Noam Chomsky: Can civilisation survive really existing capitalism? UCD Philosophy Society Inaugural Lecture 2013 Full story: http://www.ucd.ie/news/2013/04APR13/0… One of the world’s leading intellectuals and political activists, Professor Noam Chomsky has been awarded the UCD Ulysses Medal, the highest honour that University College Dublin can bestow. The award was inaugurated in 2005, as part of the university’s sesquicentennial celebrations, to highlight the ‘creative brilliance’ of UCD alumnus James Joyce. It is awarded to individuals whose work has made an outstanding global contribution. Professor Chomsky was presented with the UCD Ulysses Medal by the President of UCD, Dr Hugh Brady, following a public lecture hosted by the UCD Philosophy Society and the UCD School of Philosophy at University College Dublin on Tuesday 02 April 2013.
This video is a major departure from the usual content on my channel, but I think it’s necessary. This particular moment in American and world history demands that we all take an honest look at the trajectory of the United States of America. The current system is untenable and the Coronavirus pandemic has laid bare how truly ill-prepared the country is to protect its citizens. When corporations and the ultra-wealthy are the primary concern of those in power, the majority will suffer. This video is my attempt to contribute some small amount to the national conversation about what America is, and what it needs to become.
Rising inequality and growing political instability are the direct result of decades of bad economic theory, says entrepreneur Nick Hanauer. In a visionary talk, he dismantles the mantra that “greed is good” — an idea he describes as not only morally corrosive, but also scientifically wrong — and lays out a new theory of economics powered by reciprocity and cooperation. The TED Talks channel features the best talks and performances from the TED Conference, where the world’s leading thinkers and doers give the talk of their lives in 18 minutes (or less). Look for talks on Technology, Entertainment and Design — plus science, business, global issues, the arts and more. You’re welcome to link to or embed these videos, forward them to others and share these ideas with people you know. For more information on using TED for commercial purposes (e.g. employee learning, in a film or online course), please submit a Media Request here: https://media-requests.ted.com/
Surveillance capitalism sucks: it improves the scattershot, low-performance success-rate of untargeted advertising (well below 1 percent) and doubles or triples it (to well below 1 percent!).
But surveillance captialism is still dangerous: all those dossiers on the personal lives of whole populations can be used for blackmail, identity theft and political manipulation. As I explain in my new Locus column, Cory Doctorow: Zuck’s Empire of Oily Rags, Facebook’s secret is that they’ve found a way to turn a profit on an incredibly low-yield resource — like figuring out how to make low-grade crude out of the oil left over from oily rags.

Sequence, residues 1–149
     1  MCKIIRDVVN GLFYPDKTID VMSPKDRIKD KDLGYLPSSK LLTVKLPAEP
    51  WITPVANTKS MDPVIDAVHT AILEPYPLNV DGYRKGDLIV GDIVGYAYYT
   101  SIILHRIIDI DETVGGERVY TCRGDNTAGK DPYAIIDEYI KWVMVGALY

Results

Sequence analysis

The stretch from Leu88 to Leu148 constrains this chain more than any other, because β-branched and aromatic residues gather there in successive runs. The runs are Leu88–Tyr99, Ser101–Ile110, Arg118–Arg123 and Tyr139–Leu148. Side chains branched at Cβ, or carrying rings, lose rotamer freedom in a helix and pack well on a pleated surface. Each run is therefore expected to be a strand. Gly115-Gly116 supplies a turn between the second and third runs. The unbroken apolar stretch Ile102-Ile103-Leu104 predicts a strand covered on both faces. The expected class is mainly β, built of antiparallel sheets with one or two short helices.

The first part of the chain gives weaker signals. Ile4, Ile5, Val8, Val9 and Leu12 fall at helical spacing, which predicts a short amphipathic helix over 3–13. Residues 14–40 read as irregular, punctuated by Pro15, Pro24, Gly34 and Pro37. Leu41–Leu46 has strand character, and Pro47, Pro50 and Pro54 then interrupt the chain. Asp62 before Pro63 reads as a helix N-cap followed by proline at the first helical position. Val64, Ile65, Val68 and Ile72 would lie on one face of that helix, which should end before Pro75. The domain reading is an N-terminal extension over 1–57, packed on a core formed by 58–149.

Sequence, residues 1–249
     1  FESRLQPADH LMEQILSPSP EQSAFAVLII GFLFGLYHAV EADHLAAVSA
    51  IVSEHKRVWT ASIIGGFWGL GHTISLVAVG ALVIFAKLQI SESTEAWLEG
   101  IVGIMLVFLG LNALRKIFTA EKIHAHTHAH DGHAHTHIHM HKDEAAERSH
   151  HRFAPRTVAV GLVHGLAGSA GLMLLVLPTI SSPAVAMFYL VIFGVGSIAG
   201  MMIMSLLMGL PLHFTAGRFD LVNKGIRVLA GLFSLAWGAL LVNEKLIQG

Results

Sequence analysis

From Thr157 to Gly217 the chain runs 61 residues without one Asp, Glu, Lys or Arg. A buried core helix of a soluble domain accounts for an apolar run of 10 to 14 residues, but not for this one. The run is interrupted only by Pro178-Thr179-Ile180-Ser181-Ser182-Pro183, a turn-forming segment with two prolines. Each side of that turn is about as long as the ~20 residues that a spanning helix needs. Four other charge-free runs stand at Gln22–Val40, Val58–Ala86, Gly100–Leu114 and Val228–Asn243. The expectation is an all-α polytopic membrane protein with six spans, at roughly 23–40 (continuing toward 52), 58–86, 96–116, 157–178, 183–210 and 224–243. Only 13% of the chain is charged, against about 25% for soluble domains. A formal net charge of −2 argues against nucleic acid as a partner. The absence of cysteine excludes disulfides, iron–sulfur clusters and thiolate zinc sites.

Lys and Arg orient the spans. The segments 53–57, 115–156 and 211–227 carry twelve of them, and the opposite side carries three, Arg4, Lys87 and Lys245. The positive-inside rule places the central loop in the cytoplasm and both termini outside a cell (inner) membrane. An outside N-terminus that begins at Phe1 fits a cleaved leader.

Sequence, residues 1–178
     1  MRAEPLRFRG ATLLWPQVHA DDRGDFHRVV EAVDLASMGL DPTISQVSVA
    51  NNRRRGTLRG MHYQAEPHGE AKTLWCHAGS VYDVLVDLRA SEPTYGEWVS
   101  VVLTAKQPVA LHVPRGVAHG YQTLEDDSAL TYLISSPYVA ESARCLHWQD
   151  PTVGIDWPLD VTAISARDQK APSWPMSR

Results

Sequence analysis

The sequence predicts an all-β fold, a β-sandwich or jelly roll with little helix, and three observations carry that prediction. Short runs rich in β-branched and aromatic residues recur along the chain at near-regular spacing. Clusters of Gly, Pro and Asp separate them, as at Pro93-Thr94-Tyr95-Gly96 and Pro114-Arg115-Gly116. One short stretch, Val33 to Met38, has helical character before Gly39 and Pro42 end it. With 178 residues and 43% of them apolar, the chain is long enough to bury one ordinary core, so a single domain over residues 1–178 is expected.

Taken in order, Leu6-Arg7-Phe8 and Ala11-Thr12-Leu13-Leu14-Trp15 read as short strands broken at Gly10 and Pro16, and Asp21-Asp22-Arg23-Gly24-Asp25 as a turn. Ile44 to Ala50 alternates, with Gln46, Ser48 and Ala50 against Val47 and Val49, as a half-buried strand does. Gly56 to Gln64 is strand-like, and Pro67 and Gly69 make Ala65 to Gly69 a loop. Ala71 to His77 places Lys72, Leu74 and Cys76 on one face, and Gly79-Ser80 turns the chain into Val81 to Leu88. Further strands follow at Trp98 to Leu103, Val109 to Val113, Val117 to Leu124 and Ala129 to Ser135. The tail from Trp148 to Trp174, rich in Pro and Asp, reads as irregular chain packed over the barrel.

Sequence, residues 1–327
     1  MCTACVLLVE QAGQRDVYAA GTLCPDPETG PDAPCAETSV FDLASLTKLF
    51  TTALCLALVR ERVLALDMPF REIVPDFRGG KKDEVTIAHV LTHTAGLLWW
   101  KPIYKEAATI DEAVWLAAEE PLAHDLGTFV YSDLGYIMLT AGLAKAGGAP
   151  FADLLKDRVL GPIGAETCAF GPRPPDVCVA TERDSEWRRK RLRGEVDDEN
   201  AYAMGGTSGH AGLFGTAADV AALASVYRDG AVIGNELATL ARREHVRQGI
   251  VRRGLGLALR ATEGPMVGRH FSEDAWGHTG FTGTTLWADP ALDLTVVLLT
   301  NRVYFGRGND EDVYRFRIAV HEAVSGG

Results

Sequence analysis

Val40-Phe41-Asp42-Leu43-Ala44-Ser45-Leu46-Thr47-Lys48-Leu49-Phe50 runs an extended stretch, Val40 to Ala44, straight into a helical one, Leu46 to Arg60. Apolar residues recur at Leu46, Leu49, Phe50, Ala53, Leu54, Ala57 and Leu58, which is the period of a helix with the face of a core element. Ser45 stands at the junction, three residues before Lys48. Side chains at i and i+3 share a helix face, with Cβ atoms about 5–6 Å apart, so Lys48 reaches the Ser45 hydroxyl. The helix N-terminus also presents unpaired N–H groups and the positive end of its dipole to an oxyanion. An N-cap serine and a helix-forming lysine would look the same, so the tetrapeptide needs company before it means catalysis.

But because the margins on surveillance data are so poor, the business is only sustainable if it fails to take the kinds of prudent precautions that would make it safe to warehouse these unimaginably gigantic piles of oily rags.
It’s as though Mark Zuckerberg woke up one morning and realized that the oily rags he’d been accumulating in his garage could be refined for an extremely low-grade, low-value crude oil. No one would pay very much for this oil, but there were a lot of oily rags, and provided no one asked him to pay for the inevitable horrific fires that would result from filling the world’s garages with oily rags, he could turn a tidy profit.
A decade later, everything is on fire and we’re trying to tell Zuck and his friends that they’re going to need to pay for the damage and install the kinds of fire-suppression gear that anyone storing oily rags should have invested in from the beginning, and the commercial surveillance industry is absolutely unwilling to contemplate anything of the sort.
That’s because dossiers on billions of people hold the power to wreak almost unimaginable harm, and yet, each dossier brings in just a few dollars a year. For commercial surveillance to be cost effective, it has to socialize all the risks associated with mass surveillance and privatize all the gains.
There’s an old-fashioned word for this: corruption. In corrupt systems, a few bad actors cost everyone else billions in order to bring in millions – the savings a factory can realize from dumping pollution in the water supply are much smaller than the costs we all bear from being poisoned by effluent. But the costs are widely diffused while the gains are tightly concentrated, so the beneficiaries of corruption can always outspend their victims to stay clear.
Facebook doesn’t have a mind-control problem, it has a corruption problem. Cambridge Analytica didn’t convince decent people to become racists; they convinced racists to become voters.
Cory Doctorow: Zuck’s Empire of Oily Rags [Cory Doctorow/Locus]
(Image: Jason McELweenie, CC-BY; Ppari, CC-BY-SA)